NARIC Accession Number: J56829
ABSTRACT: Study examined the consequences of applying the Doe standard to individuals with serious mental illness. The Does standard refers to a 2001 federal court decision that offered clear criteria for determining mental capacity to vote that are based on understanding the nature and effect of voting. The Doe standard has been operationalized with the Competency Assessment Tool for Voting (CAT-V) along with measures of reasoning and appreciation. Performance of the Doe standard was assessed with the CAT-V in a sample of 52 community-dwelling persons with serious mental illness and then compared on measures of cognition, verbal IQ, and symptom severity. The interview questions were scored with good interrater reliability and took an average of less than 5 minutes to administer. Performance was high, with 92 percent scoring a 5 or 6 out of 6 possible points on the Doe-standard criteria. Performance did not correlate with cognition, verbal IQ, or symptom severity.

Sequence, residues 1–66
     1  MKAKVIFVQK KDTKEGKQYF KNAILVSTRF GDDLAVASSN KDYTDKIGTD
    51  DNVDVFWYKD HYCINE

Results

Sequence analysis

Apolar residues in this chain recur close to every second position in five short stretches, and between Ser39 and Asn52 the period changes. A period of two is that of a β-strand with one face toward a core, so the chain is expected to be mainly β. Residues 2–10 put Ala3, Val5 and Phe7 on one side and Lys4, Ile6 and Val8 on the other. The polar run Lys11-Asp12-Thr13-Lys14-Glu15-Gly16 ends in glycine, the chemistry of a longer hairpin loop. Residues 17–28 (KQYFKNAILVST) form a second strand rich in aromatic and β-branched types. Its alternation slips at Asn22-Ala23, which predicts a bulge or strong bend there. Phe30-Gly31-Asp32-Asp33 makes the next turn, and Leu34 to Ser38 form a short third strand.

Baker, P.M.A., Moon, N.W., & Ward, A. (2009). Ensuring the enfranchisement of people with disabilities. Journal of Disability Policy Studies, 20(2), 79-92.
NARIC Accession Number: J57043
ABSTRACT: Article reviews the literature addressing issues that affect how people with disabilities vote, with a special focus on the role of election officials as both facilitators and inhibitors of voting by people with disabilities. The purpose is to identify and assess potential issues and barriers that may prevent people with disabilities from participating in the voting process.
(2008). AAPD news, Winter 2008.
NARIC Accession Number: O18006